PHIL AND BERNADINE ROLNICKI: We met Phil and Bernadine in the parking lot of Bisti Badlands. They were camping. When I asked if they knew the area, Phil said that they had been there five days. They meant to stay only two, but loved the place. They are originally from Chicago, but lived in Michigan for several years. While they were in Michigan, they had a 40 foot boat that they played in the great lakes. Sometime in there they exchanged their boat for an R-Pod RV, and they moved to Santa Fe. They go when they want to go. I am so glad we met them. This stop would not have been near as pleasant if we had not.
LYNDYL MET A GUY in the Bisti parking lot. He was sitting in a half tent in a chair. In front of him was a BMW. That’s what my husband thought. It was not. It was a Russian Ural. The guy went on to tell us the history of the German/Russian motorcycles. Then he and Lyndyl went around the pickup to throw away trash. This man then told my husband his story. This man worked in electronics. It was his business, and it was pretty big. All of his parts were made in China, so he just moved to China. This made things easier, but it was a hard place to have a business, but the man said he had several contacts in China that made it easier. While in China, he met his wife. She was a doctor. In China, mandatory retirement for a female is 50 years old unless she is a professional, then it is 55. There were only government run hospitals, but when she retired at 55, there were private practices. She worked three more years, then the man (I wish I knew his name.) got a Naval contract with his electronics. To get the contract, he had to move back to the states, so they moved. While Lyndyl was talking to this man, he asked him about my friend Tia Moen. For all of my theatre friends, Tia worked for Azle school district until last year when she took a theatre job in China. She posts on Facebook, and I am intrigued with the pictures she posts. But in all of her pictures, I see no people. I am like, “Where are the people?” Well, this man said, “I know what it is. In China, for a governor to advance in the government, he has to show progress. So this man said that there are many ghost towns. Building after building, luxurious - with no one living in them.” Is that so? I don’t know, but that is what the man said. I am sad that I didn’t get to hear his story. I would have known his name and age. Man. It is so cool to hear all the stories. Another life lived.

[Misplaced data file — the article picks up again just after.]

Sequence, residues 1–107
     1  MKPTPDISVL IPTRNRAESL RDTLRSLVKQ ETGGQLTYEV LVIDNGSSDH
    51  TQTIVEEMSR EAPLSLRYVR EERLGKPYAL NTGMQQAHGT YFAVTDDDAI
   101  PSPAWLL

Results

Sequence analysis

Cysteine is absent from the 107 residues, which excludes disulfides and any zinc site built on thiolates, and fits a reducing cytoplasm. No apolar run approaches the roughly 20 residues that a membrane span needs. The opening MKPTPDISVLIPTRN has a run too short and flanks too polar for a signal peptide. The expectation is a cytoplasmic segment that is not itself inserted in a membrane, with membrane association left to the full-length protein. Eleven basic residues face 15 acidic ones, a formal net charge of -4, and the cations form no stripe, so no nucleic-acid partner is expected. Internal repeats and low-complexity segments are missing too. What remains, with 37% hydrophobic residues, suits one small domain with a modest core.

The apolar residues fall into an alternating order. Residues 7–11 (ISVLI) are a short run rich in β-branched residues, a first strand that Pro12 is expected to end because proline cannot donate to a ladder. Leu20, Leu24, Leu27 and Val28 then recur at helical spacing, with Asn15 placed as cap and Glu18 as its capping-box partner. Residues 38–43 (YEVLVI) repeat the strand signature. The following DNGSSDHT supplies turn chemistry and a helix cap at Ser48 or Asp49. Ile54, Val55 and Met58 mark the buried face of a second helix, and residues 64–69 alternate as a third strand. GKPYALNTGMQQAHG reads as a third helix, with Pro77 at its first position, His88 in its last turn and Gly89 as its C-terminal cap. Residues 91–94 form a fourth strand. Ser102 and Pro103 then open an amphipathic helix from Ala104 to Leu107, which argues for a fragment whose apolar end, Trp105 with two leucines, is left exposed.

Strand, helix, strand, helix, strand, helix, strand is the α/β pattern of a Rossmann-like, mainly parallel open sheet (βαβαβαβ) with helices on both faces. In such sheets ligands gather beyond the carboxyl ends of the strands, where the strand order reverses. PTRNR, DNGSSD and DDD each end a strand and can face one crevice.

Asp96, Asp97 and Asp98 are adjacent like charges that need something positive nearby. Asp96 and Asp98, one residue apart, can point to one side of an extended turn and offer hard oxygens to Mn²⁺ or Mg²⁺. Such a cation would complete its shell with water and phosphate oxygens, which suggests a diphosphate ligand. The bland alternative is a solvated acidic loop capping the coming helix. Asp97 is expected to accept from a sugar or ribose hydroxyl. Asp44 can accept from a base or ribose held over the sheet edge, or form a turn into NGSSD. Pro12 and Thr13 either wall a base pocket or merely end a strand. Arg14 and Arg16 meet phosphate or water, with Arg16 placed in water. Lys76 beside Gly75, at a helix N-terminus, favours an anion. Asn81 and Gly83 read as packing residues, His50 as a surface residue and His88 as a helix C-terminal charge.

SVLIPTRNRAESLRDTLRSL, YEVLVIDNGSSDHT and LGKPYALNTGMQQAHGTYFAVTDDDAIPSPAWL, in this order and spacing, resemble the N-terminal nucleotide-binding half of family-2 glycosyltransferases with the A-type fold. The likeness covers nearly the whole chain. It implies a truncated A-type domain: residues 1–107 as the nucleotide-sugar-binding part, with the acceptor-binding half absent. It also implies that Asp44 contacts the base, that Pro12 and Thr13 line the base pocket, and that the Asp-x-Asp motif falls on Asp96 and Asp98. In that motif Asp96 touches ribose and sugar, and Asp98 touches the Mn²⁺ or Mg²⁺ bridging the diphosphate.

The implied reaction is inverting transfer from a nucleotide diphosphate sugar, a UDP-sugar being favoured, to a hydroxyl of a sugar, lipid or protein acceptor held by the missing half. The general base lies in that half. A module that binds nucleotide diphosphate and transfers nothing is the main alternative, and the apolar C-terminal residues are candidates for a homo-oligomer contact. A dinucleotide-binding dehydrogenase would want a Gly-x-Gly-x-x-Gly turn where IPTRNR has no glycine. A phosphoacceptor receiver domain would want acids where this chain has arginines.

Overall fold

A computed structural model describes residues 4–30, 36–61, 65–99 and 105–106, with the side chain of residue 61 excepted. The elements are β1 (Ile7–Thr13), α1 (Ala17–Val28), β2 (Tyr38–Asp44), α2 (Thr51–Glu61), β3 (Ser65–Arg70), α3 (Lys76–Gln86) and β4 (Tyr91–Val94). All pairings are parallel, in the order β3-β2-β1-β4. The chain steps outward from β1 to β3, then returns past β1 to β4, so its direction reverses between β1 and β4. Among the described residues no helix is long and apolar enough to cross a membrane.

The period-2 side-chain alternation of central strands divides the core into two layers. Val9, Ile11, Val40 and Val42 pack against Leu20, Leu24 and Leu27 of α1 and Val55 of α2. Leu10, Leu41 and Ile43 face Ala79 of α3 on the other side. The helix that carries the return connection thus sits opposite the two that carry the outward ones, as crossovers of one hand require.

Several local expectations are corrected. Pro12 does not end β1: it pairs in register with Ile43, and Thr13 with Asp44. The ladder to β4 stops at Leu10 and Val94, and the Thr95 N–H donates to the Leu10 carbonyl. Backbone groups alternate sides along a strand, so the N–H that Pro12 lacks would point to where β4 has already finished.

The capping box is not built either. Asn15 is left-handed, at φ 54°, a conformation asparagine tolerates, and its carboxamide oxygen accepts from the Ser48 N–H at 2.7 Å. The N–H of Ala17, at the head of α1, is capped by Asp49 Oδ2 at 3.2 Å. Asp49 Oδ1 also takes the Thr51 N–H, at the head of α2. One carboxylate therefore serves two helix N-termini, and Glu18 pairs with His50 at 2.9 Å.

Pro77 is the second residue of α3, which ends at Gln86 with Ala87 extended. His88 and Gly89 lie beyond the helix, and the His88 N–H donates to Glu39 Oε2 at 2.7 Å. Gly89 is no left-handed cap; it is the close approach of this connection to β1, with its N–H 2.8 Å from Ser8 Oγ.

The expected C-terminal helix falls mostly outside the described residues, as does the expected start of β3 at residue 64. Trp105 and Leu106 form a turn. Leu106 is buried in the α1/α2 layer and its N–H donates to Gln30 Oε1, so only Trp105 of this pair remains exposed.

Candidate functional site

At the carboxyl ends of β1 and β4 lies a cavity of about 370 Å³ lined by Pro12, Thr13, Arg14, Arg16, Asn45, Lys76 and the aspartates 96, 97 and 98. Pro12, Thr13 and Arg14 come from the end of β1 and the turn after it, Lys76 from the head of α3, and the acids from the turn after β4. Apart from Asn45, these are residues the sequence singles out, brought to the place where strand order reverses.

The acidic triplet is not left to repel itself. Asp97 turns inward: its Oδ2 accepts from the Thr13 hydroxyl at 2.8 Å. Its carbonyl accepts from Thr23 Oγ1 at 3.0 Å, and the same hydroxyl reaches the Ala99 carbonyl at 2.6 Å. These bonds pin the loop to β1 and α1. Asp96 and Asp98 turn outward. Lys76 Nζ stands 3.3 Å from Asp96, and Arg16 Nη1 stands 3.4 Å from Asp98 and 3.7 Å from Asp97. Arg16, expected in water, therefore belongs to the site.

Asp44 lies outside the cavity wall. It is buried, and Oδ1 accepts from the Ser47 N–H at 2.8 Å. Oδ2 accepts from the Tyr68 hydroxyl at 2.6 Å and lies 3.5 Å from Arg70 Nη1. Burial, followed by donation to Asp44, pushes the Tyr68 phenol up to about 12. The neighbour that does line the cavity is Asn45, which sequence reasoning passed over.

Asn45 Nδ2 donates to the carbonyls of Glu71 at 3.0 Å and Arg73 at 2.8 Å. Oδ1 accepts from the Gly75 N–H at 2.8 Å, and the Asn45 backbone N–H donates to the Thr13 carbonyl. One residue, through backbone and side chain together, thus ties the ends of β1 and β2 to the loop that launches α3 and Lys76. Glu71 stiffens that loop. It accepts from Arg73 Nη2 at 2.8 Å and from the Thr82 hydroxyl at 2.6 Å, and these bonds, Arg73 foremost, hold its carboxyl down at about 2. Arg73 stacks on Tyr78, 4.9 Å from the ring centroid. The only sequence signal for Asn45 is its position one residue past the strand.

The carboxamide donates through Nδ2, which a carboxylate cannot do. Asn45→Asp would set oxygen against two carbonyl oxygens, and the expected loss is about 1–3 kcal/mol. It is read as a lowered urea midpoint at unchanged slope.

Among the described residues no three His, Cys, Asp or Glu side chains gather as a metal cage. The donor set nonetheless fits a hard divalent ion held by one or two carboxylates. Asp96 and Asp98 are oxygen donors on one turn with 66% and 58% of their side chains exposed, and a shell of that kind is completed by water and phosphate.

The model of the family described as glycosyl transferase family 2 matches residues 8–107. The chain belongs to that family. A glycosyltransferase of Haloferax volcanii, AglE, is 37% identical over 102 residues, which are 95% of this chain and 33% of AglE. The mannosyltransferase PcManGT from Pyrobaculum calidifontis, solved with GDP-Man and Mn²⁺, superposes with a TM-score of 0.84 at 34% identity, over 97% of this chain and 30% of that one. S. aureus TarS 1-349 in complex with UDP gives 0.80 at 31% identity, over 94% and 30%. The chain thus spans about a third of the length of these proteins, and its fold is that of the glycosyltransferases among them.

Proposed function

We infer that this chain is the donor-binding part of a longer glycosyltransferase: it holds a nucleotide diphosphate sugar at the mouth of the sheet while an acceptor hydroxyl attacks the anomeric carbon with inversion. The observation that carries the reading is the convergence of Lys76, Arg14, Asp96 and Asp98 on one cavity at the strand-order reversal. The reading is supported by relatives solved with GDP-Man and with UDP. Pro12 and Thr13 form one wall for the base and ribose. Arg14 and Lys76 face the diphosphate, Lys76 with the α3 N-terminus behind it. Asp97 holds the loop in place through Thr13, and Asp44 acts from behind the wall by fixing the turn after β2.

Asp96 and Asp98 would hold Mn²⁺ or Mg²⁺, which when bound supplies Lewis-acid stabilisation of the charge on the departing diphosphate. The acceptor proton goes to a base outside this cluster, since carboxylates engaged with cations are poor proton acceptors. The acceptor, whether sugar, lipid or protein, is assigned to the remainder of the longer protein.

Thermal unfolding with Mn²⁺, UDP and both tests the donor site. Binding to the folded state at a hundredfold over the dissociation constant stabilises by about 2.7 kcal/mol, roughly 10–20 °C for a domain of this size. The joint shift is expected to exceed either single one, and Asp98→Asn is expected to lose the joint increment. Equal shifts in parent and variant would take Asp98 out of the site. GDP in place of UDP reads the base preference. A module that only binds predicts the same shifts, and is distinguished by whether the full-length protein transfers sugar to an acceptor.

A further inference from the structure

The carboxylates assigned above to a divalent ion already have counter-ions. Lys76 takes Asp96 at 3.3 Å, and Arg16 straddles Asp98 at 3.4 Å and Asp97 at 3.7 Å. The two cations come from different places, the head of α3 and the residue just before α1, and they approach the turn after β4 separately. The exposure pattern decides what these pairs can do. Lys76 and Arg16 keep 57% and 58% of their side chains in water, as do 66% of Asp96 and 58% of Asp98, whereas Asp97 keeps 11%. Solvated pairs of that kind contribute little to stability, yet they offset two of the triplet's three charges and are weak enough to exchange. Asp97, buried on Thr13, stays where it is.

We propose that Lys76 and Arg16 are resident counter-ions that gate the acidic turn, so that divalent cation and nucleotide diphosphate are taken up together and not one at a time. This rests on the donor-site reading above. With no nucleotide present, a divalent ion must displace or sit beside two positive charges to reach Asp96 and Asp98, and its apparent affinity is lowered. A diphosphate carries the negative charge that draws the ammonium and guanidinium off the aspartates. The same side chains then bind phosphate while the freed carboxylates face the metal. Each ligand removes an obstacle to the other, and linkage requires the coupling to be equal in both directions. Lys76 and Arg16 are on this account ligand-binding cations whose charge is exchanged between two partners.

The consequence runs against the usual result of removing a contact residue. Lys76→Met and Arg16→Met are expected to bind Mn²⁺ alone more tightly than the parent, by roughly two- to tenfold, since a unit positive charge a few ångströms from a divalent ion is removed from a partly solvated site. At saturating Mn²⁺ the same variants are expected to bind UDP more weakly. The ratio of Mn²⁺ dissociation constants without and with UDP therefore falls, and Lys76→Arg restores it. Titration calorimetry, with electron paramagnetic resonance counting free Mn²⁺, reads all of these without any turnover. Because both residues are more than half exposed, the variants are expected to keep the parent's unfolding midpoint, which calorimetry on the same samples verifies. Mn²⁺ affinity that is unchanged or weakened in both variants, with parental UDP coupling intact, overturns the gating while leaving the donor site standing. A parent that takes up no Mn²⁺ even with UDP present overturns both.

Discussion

THE PRICE OF IT ALL:
RV Campground $288.26
This is a lot of money for us. We eat out a lot, and we are doing things that we want to do, things that in the past, we said no to. I want to give a clear witness to how much this life actually costs.